Eyes of the Homeless Reveal Stories of Heartache, Hope

It's easy to walk past the homeless, to disregard the guy lying on the street or ignore the woman standing at an intersection holding a handwritten sign with a plea for help. It's harder to look away when you've seen their eyes.

13 photos
A mentally disabled woman stares at a camera as a homeless drug addict, who said his name was April Jane, sits on a sidewalk asking for money, Thursday, Nov. 2, 2017, in downtown Los Angeles. The latest nationwide homeless count shows that 4 of every 10 people living on the street are severely mentally ill or have a serious drug addiction. (AP Photo/Jae C. Hong)
James Harris, 54, poses for a photo Tuesday, Oct. 3, 2017, in Los Angeles. Harris has had AIDS for 30 years, he said. When medication stopped working, he got depressed and was evicted. Now he feels like an outcast, vulnerable and struggling to survive. He's hoping that as a veteran he can get permanent housing, though he missed an earlier opportunity because a stint in a shelter disqualified him from being considered chronically homeless.
Moi Williams, 59, poses for a photo Wednesday, Sept. 13, 2017, in Los Angeles. Williams, who has been homeless for four years, said he is comfortable sleeping on the street. "I'm not bothering nobody. I'm not being bothered." He said he's been on the streets three or four years. He had a job, but "it just got away," he said. He figured he'd find another, but it never came along. "I'm not fighting, like I used to," he said. "When I was younger, before I got a job, I used to fight a lot." Now he is trying to beat drugs and alcohol.
Tammy Stephen, 54, poses for a photo Tuesday, Sept. 26, 2017, in Seattle. Stephen lives in Camp Second Chance, a city-sanctioned homeless encampment in Seattle. "Housing here is out of control. That's why we have so many people on the street," she said. "There's nowhere for them to go."
Jorge Ortega, 40, poses for a photo Thursday, Oct. 5, 2017, in Los Angeles. Ortega said has been living on the street for more than 10 years after losing his job at the Los Angeles International Airport. Ortega said he has a 14-year-old son living in Washington. His son doesn't know Ortega is homeless, sleeping on a sidewalk of Skid Row.
Alicia Adara, 33, poses for a photo Wednesday, Sept. 27, 2017, in Seattle. Adara said she ended up on the street after losing a custody fight for her two children with her ex-husband. "I don't do shelters. I feel like I'm in jail," she said. "I've been like basically a prisoner all my life. I need to do this. I need to be out here. It's freedom."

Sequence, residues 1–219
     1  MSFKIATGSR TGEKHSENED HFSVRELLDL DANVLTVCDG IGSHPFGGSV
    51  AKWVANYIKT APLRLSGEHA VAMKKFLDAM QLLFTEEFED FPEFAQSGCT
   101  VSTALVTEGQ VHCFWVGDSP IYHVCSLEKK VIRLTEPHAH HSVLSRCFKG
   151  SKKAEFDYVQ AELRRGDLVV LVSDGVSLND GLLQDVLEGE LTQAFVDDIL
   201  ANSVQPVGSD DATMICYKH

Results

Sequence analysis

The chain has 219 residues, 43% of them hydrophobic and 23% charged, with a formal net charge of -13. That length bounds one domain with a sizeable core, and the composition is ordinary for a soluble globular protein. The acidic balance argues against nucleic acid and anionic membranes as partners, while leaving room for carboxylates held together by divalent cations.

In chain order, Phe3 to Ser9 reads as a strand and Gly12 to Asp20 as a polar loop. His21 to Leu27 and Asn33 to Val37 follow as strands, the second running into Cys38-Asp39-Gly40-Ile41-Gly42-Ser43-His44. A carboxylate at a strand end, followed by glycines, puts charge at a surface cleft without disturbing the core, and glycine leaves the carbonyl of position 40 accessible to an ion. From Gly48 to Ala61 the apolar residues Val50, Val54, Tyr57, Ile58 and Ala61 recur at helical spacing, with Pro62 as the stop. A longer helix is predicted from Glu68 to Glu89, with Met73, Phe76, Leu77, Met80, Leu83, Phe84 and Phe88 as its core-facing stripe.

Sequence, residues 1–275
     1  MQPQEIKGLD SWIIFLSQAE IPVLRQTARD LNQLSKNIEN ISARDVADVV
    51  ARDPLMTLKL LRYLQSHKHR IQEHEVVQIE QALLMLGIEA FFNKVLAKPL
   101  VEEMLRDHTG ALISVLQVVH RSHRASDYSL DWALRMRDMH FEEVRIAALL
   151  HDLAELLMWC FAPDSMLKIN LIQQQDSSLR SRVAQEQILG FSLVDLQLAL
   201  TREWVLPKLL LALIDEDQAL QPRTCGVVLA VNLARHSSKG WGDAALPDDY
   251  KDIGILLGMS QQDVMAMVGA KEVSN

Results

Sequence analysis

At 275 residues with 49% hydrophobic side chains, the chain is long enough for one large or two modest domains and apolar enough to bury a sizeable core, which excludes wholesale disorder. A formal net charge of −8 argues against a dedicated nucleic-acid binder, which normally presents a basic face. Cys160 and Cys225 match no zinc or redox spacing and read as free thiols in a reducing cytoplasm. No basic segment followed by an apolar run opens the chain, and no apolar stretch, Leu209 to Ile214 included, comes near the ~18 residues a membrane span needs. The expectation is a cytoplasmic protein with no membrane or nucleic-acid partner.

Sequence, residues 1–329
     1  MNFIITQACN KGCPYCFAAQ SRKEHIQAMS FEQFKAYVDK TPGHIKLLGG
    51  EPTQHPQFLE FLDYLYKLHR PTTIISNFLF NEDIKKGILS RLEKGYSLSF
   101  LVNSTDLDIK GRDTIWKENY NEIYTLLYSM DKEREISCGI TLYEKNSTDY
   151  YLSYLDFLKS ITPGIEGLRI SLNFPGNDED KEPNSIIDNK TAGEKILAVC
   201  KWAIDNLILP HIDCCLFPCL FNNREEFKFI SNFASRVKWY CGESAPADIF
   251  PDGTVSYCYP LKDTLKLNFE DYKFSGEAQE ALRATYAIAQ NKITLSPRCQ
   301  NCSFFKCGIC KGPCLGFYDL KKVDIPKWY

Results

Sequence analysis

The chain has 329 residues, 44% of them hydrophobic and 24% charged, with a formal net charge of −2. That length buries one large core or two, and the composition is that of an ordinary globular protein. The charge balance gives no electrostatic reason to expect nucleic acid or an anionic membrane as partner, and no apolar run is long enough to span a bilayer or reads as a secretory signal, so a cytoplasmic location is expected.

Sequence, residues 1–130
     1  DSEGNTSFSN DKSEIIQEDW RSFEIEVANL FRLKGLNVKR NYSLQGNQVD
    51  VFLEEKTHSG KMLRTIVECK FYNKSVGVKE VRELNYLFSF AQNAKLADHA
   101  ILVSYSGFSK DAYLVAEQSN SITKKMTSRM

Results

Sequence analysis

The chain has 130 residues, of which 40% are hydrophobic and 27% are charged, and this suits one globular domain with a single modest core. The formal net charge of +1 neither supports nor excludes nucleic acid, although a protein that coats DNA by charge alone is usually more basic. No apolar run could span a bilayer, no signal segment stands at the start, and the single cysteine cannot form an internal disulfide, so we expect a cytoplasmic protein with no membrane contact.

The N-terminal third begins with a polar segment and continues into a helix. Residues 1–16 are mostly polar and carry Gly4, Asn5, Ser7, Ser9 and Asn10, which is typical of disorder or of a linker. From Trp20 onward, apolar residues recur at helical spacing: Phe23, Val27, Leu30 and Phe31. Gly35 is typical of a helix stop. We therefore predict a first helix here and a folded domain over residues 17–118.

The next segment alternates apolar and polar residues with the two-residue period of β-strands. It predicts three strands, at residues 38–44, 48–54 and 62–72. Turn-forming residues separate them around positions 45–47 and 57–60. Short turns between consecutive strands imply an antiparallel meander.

Bennie Sayee Koffa, 66, poses for a photo at Camp Second Chance, a city-sanctioned homeless camp, Tuesday, Sept. 26, 2017, in Seattle. Koffa said he came to the U.S. in 1990 and never returned as a civil war raged for years in Liberia. He has lived in Canada and sought refugee status in the U.S. He ended up homeless and living on the streets of Seattle after splitting up with his wife a year ago, he said. His goal is to continue studying the Bible to become an ordained minister. He wants to help the poor. "I would love to get out (of here)," he said. "I understand this is a journey."
John Ruiz, 9, poses for a photo in front of the RV where he lives with his family on Monday, Oct. 23, 2017, in Mountain View, Calif. His parents and four siblings moved into the camper after they could no longer afford the rent in an apartment. John dreams of his family having a successful life together and maybe ending up in mansion - a home that might have swimming pool and backyard. Or at least one big enough to have his own room. "I want to have a happy life," he said.
Barry Warren, 52, poses for a photo Wednesday, Sept. 27, 2017, in Seattle. Warren says he has been homeless his entire adult life. After about 20 years without a home in California, he moved to Seattle, where he says the benefits are better and life on the street is safer.
Dolores Epps, 41, poses for a photo Thursday, Oct. 26, 2017, in Los Angeles. Epps, a mother of two children who has been homeless for five years, once had a job at a salon and still makes money cutting hair. "I don't touch everybody, only the people that are clean," Epps said. "All these dope fiends are gonna keep looking like a dope fiend. You're not my problem. But if you're a clean person and you just want to get a little bit extra sassy or as a man look a little more handsome, then yeah." Her mother has custody of her 15-year-old daughter and 9-year-old son.
Harrison Perkins, 31, poses for a photo Wednesday, Sept. 27, 2017, in Seattle. Perkins said he and his fiancee ended up on the street about two months ago after she accidentally burned down her mother's kitchen. Perkins, a recovering drug addict, wants to go back to Cleveland, Ohio, where his family lives. "Drugs are offered to me more than a place to live," he said. "Even in my worst drug addiction days, I always kept a roof over my head. ... We literally have nothing. This is what we've got. It's not worth it."
Bernadette Ortiz, 39, poses for a photo Tuesday, Oct. 24, 2017, in San Jose, Calif. Ortiz recently gave a birth to her fifth child. She and her fiance were living in a tent when she found out she was pregnant. The couple lives in a temporary shelter at a local church until their move to a studio apartment. "I don't want to live in a tent ever again," said Ortiz.
Robert Irwin, 72, poses for a photo at Camp Second Chance, a city-sanctioned homeless encampment, Tuesday, Sept. 26, 2017, in Seattle. He becomes emotional discussing family and said it "kind of gets me down." Irwin said he is planning a trip to Michigan to see his older sister. "I have my own SUV, Chevy Trailblazer. I want to go in March. It will be my last trip."
Copyright AP - Associated Press
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